Non-Fiction / Speechwriting Prompt: Tell your audience a humorous story about the superstitions and rituals that influence you on game day.

Photo Credit: gbozik photography on Flickr

Voodoo Doll

In 1942, reports were streaming in from around the world about “voodoo” death: South American Tupinamba men, condemned by medicine men, died of fright. Hausa people in Niger withered away after being told they were bewitched. Aboriginal tribesmen in Australia, upon seeing an enemy pointing a hexed bone at them, went into convulsions and passed away. “Voodoo” death, according to Cannon, was real: “It is a fatal power of the imagination working through unmitigated terror.”… -Daphne Chen

Fiction Writing Prompt: Write a story about voodoo death.

Journaling Prompt: What do you believe about superstitions like voodoo death?

Art Prompt: Voodoo death

Non-Fiction / Speechwriting Prompt: Tell your audience about voodoo death and the contagious fright involved that caused so many death.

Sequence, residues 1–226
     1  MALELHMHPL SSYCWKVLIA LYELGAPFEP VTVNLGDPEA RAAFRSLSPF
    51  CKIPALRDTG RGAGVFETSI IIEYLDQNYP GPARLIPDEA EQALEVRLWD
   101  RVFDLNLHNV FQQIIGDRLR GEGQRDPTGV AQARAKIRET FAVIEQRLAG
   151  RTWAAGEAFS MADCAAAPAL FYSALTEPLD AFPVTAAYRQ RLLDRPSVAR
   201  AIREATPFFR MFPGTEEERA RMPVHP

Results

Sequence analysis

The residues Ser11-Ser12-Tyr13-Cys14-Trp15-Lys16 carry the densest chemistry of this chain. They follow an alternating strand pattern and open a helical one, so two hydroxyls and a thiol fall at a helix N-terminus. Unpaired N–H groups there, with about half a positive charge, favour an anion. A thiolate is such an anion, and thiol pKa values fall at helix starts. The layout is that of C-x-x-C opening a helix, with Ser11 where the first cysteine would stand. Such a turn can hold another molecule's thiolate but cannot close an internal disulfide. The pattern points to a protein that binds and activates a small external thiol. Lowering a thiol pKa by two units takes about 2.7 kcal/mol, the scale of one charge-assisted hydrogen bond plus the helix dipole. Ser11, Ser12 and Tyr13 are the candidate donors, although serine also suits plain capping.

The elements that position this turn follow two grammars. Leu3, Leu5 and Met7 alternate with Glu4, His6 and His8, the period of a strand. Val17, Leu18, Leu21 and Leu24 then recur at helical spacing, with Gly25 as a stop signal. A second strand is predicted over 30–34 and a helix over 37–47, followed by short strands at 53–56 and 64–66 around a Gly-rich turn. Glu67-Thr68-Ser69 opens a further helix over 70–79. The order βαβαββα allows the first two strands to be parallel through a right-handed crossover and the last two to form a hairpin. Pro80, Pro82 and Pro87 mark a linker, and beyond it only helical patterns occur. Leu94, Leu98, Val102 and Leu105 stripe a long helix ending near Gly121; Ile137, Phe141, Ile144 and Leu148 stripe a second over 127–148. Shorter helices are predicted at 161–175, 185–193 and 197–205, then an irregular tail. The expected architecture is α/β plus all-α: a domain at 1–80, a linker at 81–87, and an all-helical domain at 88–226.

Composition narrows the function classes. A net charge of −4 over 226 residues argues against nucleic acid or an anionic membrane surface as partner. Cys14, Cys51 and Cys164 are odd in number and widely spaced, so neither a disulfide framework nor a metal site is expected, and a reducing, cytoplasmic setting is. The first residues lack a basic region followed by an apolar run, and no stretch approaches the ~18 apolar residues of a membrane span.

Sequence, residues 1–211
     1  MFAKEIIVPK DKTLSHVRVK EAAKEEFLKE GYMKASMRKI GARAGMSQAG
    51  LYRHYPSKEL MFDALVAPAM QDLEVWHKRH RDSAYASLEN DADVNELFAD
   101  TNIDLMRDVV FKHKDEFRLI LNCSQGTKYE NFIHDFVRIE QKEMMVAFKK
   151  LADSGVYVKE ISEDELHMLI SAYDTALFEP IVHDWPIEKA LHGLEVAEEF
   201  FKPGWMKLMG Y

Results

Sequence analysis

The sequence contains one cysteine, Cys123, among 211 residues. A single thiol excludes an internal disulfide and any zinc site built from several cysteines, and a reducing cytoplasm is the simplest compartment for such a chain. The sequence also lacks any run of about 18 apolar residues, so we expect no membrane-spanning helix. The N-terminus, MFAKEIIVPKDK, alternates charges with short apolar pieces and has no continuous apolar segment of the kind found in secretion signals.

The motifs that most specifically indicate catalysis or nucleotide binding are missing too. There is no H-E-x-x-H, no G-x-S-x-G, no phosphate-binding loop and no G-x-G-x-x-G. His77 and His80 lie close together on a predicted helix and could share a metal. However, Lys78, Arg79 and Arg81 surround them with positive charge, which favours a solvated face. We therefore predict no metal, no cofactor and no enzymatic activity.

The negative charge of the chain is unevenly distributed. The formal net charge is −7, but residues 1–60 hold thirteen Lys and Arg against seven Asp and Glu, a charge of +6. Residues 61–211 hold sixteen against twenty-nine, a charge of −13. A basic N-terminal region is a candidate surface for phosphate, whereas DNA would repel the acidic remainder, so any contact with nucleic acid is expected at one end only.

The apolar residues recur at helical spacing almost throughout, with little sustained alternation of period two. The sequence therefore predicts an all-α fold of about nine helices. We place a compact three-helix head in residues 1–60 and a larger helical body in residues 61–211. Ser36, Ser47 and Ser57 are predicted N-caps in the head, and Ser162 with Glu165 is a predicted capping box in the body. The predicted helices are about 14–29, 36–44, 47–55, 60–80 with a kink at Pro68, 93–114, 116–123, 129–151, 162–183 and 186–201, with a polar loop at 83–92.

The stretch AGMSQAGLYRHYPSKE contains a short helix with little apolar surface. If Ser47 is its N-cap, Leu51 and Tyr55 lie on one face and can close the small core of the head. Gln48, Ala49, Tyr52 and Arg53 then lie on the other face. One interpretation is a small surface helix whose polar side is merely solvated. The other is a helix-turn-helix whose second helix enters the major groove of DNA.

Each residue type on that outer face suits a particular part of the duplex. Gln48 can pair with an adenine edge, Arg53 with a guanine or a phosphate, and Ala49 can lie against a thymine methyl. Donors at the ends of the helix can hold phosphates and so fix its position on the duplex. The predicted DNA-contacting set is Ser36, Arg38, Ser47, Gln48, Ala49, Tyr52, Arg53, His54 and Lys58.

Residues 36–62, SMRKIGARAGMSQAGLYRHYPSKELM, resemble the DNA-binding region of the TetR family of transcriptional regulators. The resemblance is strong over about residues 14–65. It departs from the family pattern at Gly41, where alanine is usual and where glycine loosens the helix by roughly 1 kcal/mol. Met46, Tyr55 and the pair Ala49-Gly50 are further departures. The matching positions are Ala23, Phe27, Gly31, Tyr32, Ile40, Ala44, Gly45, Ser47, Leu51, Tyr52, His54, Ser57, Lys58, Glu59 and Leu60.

Photo Credit: Davide Restivo on Flickr

? Paradis perdu ? Paradise lost ?

They said the tree of love bloomed in a valley, its roots thrusting deep into the fertile earth, its trunk twenty arm-length’s thick and steady, a shudder of gold-tipped leaves making up its crown. From the limbs red fruits drooped, as large the head of a child. Any lovers that committed to each other in the shimmer of the tree’s leaves were blessed. -Syrek and the Curious Blessing by Sylvia Hiven

Fiction Writing Prompt: Use the first line of the week as the starting point or inspiration for a scene, story, poem, or haiku.

Journaling Prompt: What do you believe blesses a relationship? 

Art Prompt: Tree of Love

Non-Fiction / Speechwriting Prompt: Tell your audience about the key factors in having a blessed relationship.

Photo Credit: nicolas_gent on Flickr